Audioquest DragonFly Red
USB D/A Converter

Audioquest DragonFly - Red or Black?

AudioQuest is a US based company and the EU headquarters is located in the Netherlands. AudioQuest since the 1980’s is mostly known for their cables but they became even more popular among “head-fiers” when they released a very popular mini USB DAC/AMP called the DragonFly.

The AudioQuest DragonFly isn’t the first AudioQuest product to be featured on Headfonia, the NightHawk headphone, the DragonFly V1.2 and the JitterBug reviews were both published several weeks/months ago already.

DragonFly History

The AudioQuest DragonFly isn’t “new” in the sense that the original multi-award-winning version was launched a long time ago in 2012 already. In the meantime that original version has been replaced by the DragonFly V1.2 which at his turn now has been replaced by both the DragonFly Red V1.0 and Black V1.5.

So the new Black and Red units actually are the 3rd and 4th version already of AudioQuest’s popular DragonFly series. I have to say that the DragonFly from the original version up to now has grown on me and the RED version’s quality actually is very impressive to me at this stage.

If you’re not sure what version of the DragonFly you have then you probably own the original version. The simplest way to distinguish DragonFly V1.0 from DragonFly V1.2 is by looking at the 3.5mm plug as V1.0’s is black and V1.2’s is gray. The latest DragonFly Black 1.5 also has a gray colored 3.5mm plug but the unit on its back has the Black V1.5 details printed in gold. The Red version of course is easy to spot but the material used is also different. It does feature the same gold “specs” on the back of the unit as well.

New DragonFly + Build Quality + Specs

For those of you who aren’t familiar with the DragonFly yet (is that still possible?), you can basically say the DragonFlies are USB-dongles which serve as DAC, pre-amp to a power/headphone amp and headphone amplifier all in one. Small packages with a big bang for buck measuring only 12mm (h) x 19mm (w) x 62mm (l).

The build quality of the DragonFly is excellent. Their finish is great, they’re small and you can put them in your pocket or drop them in your bag without any worries. The Red version does feel nicer as the casing used has a harder feel to it and with its red gloss finish (or automotive finish as they call it) it simply looks shiny and attractive. Both new versions of course still have the DragonFly LED-feature, which shows you what sample rate the unit is receiving from your source. Red: Standby, Green: 44100.0 Hz, Blue: 48000.0 Hz Amber: 88200.0, Hz Magenta: 96000.0 Hz. Be aware the DragonFly units don’t do DSD, but more on that later.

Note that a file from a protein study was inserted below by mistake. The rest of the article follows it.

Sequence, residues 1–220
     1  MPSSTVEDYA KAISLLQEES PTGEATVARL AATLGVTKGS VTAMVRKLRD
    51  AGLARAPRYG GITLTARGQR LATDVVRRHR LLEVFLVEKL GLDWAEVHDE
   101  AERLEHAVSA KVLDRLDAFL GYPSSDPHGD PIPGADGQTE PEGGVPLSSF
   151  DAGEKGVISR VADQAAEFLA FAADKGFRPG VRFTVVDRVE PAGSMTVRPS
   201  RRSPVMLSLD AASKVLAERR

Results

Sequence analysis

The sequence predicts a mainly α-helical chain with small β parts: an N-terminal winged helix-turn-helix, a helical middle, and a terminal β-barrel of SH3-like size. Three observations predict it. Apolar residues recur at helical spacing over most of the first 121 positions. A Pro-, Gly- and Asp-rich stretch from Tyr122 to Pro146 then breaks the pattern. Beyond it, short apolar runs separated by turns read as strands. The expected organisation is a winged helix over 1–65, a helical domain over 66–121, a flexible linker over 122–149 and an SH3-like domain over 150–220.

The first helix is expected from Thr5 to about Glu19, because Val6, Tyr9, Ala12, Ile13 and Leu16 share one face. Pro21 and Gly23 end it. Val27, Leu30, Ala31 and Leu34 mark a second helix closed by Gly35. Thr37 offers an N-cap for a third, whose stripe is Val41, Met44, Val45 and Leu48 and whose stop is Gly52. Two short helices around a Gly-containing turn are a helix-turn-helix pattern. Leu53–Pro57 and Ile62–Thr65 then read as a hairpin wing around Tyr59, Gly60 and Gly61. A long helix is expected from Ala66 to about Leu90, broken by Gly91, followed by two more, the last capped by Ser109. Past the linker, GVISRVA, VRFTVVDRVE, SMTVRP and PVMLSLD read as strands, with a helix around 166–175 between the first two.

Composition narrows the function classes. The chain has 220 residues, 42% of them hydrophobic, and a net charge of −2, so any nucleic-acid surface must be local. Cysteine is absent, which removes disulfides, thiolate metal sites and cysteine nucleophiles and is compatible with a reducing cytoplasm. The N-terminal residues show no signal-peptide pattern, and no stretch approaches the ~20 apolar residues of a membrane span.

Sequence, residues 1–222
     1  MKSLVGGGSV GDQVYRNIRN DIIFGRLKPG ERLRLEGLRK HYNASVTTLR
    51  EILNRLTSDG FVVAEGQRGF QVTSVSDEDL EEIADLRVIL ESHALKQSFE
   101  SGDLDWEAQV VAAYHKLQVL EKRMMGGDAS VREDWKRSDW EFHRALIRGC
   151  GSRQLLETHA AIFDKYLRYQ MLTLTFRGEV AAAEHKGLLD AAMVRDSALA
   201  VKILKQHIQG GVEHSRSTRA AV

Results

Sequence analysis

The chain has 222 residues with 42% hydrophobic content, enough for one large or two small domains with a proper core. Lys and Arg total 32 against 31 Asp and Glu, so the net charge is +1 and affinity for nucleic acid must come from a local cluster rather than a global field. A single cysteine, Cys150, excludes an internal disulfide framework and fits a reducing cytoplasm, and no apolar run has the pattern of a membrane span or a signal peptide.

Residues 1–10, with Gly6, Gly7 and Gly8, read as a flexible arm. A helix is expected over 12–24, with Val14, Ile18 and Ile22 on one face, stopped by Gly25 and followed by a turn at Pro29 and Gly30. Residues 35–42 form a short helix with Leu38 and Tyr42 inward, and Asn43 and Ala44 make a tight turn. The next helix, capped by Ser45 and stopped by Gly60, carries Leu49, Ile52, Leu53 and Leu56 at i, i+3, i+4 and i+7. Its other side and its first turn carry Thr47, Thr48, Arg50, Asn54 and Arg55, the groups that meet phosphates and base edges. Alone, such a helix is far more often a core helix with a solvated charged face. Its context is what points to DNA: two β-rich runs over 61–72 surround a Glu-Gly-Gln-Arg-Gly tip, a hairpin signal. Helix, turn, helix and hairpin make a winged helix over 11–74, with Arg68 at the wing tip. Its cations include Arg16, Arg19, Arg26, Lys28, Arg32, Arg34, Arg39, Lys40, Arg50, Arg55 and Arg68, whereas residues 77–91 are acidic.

While the original DragonFly defined the market for micro-DACs, its USB power draw made it compatible with computers only. Music lovers have craved a more portable version – one that could be reliably used with Apple and Android smartphones and tablets. The new Red and Black were born. AudioQuest and DragonFly designer Gordon Rankin worked alongside Microchip Technology to develop a new high-performance, full-speed USB microcontroller solution that delivers improved signal-to-noise ratio and significantly lower power consumption. Drawing 77% less current than the previous microcontroller, the new Microchip PIC32MX microcontroller enables true compatibility with Apple and Android smartphones and tablets (OTG with the correct software) although it seems it’s not always 100% guaranteed to work. That however isn’t related to the DragonFly but rather to the OS implementation in your Android or Apple device. It should work on Apple iOS 5 and newer and Android 4.1 and newer (For Android devices, see owner’s manual).

I could say the new Black V1.5 DragonFly for the moment is the “lowest ranked” and cheapest DragonFly in AudioQuest’s product line-up but that wouldn’t do the unit justice as its performance isn’t low at all. The DragonFly units just keep getting better and if you’re looking for an amp/dac combo under $200, you just can’t ignore AudioQuest anymore.

For greater overall performance, both the new DragonFly models incorporate an improved 32-bit ESS Sabre DAC chip: the 9010 in Black and the higher-performance 9016 in Red. (Both of which employ minimum-phase filtering for naturally detailed, more authentic sound). While DragonFly Black uses the same headphone amp and analog volume control found in DragonFly v1.2, DragonFly Red includes the latest ESS headphone amp and a bit-perfect digital volume control that resides on the 9016 DAC chip itself. This implementation should ensure maximum fidelity, dynamic contrast, and signal-to-noise ratio.